Matteo Berrettini became the first debutant to win the Queen's tournament since Boris Becker in 1985 and the Italian revealed the three-time Wimbledon champion has passed on some advice.
Becker went on to win the first of his Wimbledon titles unseeded and aged just 17 shortly after winning at Queen's and many fancy Berrettini to go deep into the tournament.
The amiable Italian said it was an honour to be compared to the German but perhaps wide of the mark.
Berrettini could be described as a relatively late developer certainly compared to Becker.
The German had by the age of 25 won five of the six Grand Slam singles titles -- Berrettini's best showing so far is a semi-final spot at the 2019 US Open.
"I mean, of course it feels great to being told that," he said after moving into the second round having beaten Argentinian Guido Pella 6-4, 3-6, 6-4, 6-0.
"At the same time I know that I did not achieve maybe a quarter of what he achieved in his career.
"Of course it feels nice to hear my name close to him."
Berrettini, though, said meeting him by chance had been an awesome moment.
"I think the best part was that I met him as soon as I got here (Wimbledon).
"He was walking by. He stopped. I was surprised because he knew who I was. He made me feel good.
"He told me like, Well done. Now we have something in common. I was like, Okay. So he knew."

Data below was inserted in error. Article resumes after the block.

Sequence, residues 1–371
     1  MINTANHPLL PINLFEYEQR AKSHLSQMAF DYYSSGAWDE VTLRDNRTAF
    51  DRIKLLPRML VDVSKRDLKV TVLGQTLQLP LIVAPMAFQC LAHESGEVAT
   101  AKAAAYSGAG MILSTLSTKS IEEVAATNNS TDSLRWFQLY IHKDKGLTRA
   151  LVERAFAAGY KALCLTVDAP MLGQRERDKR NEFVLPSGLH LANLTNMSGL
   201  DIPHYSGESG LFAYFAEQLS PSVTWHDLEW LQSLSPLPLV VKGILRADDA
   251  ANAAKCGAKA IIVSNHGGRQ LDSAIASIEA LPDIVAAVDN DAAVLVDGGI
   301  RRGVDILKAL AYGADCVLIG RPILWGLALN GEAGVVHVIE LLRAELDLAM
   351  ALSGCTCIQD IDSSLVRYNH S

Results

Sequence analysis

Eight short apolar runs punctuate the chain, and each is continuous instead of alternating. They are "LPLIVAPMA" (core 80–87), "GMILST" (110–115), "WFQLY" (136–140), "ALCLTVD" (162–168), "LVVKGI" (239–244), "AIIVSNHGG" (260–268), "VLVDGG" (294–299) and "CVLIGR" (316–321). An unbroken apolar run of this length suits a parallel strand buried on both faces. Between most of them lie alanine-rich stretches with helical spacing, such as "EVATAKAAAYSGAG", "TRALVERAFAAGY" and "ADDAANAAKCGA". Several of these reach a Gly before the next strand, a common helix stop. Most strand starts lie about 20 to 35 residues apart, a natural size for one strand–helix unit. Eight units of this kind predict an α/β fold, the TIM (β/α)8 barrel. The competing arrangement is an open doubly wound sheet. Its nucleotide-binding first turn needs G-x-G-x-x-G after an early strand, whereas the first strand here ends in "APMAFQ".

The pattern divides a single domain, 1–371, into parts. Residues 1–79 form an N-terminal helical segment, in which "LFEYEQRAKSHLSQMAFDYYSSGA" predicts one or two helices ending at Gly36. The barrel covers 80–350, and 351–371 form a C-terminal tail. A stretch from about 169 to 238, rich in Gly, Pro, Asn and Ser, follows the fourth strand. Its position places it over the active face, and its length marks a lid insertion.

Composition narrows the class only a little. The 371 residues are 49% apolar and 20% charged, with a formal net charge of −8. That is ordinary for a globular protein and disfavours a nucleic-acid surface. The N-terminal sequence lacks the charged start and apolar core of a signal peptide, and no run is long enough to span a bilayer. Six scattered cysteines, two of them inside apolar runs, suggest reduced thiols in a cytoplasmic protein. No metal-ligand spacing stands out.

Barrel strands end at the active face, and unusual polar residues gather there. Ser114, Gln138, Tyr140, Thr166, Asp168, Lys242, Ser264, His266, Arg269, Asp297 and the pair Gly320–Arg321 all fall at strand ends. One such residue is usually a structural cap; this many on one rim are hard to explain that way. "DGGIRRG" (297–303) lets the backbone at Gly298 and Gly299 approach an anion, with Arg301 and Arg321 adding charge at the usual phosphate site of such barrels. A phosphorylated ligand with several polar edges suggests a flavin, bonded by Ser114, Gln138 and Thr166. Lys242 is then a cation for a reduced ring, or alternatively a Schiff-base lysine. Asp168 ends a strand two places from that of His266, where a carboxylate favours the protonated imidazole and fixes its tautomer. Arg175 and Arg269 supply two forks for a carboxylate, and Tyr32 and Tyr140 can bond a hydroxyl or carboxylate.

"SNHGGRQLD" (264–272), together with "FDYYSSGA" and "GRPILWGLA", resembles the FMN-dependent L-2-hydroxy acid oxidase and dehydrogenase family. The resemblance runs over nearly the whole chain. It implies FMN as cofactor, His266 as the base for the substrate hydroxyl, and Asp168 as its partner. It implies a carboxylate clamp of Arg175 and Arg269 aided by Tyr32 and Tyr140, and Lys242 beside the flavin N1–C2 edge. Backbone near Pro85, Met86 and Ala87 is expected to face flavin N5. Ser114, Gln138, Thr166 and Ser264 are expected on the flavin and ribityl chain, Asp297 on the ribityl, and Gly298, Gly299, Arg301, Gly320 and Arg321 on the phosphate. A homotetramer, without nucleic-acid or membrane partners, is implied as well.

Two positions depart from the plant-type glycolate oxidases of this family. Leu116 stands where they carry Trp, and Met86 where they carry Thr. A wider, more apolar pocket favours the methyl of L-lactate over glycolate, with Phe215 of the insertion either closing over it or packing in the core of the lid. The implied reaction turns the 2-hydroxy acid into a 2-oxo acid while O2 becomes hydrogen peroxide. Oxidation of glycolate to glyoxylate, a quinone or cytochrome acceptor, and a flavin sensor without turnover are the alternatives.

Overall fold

Berrettini said he felt humbled in the 53-year-old Becker's presence.
"I was like, Yeah, I wish I have everything in common, like all the titles and stuff.
"I'll try to get there. He also told me I had to keep my mind clear to have a long run here. I'll try to do that."
Advice Berrettini could have sorely used two years ago at Wimbledon.
Seeded 17 he reached the fourth round only to be routed by eight-time champion Roger Federer in just 74 minutes.
"Thanks for the tennis lesson, how much do I owe you?" he quipped to the Swiss legend.
However, Berrettini has made giant strides since then but he shrugs aside being compared to Becker as heaping more pressure on him.
"I mean, pressure and these kind of things I think it's a privilege in a way," he said of the comparison.
"If someone told me a few years ago, 'Look, they're going to compare your name to Becker', I would be, I don't know, I would feel great.
"It feels great. I know now I step in the court and people around me in general, they expect me to win. I expect myself to win."
The next man to challenge the seventh seed's expectation of victory will be Dutch lucky loser Botic van de Zandschulp.